The man in charge of HMP Hatfield accepts too many prisoners are escaping, according to Don Valley MP Caroline Flint.
Ms Flint and ward councillor Pat Knight met Chris Dyer, Governor of HMP/YOI Hatfield, this week to discuss the recent spate of escapes after six inmates fled the open prison in as many weeks.
In a two hour meeting, they expressed residents’ concerns about safety and discussed what action the prison was taking.
The meeting took place on the day Darrell Burbeary, aged 43, who was serving a sentence for burglary, was recaptured by police after absconding in June.
He was found hiding in a shed in Skye Edge, Sheffield.
Ms Flint said: “It was clear the Governor took the residents’ concerns very seriously and was looking at every action he and his staff could take to reduce absconding.
“He recognised that the numbers absconding were too high.
“The numbers choosing to walk away, despite facing a heavier sentence when they are caught, is not acceptable.
“We were reassured today that all inmates are risked assessed while at Hatfield, and those whose risk of flight increases, for example, because of problems at home, are returned to a closed prison.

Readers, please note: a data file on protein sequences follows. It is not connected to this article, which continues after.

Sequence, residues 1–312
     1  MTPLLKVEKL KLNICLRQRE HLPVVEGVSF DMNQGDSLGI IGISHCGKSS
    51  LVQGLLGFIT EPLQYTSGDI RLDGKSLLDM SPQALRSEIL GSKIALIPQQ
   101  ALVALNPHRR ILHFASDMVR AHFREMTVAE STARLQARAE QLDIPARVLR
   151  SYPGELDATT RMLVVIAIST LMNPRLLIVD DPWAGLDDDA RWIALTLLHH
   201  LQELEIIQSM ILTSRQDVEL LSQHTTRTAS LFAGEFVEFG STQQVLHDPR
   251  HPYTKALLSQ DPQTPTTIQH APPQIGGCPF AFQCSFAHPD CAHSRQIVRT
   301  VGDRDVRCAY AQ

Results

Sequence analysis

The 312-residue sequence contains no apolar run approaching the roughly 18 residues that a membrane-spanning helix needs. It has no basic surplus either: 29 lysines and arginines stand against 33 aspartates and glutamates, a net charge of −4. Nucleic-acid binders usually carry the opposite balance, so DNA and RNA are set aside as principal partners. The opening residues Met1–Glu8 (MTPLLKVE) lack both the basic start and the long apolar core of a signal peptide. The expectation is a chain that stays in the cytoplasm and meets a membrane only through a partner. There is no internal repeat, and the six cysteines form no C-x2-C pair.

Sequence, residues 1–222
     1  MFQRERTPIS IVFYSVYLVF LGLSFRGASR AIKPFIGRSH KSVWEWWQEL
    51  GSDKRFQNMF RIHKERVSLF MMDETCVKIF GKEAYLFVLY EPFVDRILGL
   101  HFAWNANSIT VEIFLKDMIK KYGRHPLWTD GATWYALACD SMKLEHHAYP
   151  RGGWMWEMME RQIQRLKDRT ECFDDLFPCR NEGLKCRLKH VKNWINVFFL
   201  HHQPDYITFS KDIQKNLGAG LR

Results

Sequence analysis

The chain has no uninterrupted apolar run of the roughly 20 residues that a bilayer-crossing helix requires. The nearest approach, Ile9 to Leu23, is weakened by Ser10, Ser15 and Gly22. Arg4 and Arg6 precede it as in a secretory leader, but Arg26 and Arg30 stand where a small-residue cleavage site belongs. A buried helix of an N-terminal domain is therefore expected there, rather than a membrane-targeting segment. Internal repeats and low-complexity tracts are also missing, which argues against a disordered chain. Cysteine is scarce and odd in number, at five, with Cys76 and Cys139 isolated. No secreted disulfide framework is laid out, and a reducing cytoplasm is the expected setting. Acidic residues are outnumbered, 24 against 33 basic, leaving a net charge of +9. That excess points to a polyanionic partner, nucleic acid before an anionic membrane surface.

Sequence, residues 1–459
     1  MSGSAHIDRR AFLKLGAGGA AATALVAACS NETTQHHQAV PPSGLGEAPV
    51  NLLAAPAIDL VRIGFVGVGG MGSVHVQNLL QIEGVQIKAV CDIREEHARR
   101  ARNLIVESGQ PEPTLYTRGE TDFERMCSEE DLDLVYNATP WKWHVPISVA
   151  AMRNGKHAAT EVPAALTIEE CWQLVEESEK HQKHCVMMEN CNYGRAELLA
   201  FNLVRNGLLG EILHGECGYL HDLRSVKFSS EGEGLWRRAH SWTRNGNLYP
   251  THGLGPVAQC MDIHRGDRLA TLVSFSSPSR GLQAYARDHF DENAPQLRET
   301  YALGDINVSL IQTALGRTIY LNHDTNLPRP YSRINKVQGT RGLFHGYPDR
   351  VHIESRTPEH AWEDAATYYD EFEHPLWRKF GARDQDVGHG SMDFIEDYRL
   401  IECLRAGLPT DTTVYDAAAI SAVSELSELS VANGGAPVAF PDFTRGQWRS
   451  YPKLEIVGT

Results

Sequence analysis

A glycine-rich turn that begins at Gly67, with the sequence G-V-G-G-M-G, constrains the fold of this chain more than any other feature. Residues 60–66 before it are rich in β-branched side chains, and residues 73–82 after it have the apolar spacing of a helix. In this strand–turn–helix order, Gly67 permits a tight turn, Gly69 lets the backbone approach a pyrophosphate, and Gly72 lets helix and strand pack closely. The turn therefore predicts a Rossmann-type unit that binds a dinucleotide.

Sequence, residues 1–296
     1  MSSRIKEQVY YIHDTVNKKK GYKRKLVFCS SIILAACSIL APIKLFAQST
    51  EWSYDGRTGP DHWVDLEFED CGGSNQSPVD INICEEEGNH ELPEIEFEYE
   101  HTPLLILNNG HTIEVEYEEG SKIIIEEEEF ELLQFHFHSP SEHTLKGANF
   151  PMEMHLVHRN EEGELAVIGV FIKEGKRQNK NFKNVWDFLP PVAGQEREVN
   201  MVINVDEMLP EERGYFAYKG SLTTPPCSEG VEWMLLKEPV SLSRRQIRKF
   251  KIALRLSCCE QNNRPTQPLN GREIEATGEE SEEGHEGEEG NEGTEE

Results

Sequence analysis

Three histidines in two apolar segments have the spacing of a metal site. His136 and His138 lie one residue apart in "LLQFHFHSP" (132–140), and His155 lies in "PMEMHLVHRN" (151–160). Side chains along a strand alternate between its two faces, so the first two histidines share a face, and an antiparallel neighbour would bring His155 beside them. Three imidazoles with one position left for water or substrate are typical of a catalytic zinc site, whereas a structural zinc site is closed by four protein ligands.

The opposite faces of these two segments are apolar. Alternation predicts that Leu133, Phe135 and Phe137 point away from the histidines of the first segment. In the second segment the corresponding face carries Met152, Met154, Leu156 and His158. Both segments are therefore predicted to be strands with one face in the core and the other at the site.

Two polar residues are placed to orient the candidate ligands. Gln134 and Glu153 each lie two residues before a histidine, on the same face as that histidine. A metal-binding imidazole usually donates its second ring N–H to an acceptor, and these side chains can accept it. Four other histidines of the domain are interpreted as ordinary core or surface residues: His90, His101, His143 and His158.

“Where prisoners are being recommended as safe to transfer from a secure prison to an open establishment like Hatfield, it is vital that only suitable prisoners are accepted.
“I want HMP/YOI Hatfield to have all the information and time they require to make the necessary checks on each new arrival.”
Coun Knight added: “We were very keen to impress upon the governor how worrying it is for the community to have inmates escaping.
“Many of the staff and prison officers live locally, so they hear those concerns from their neighbours and friends.”
Ms Flint recognised open prisons are different from closed, secure prisons and inmates are often serving the final months of their sentences and many are being prepared for life after prison, and work in the community every day.
She said: “We don’t want that to end. Over half of these prisoners will go into work after leaving prison and 98 per cent will go into settled accommodation.”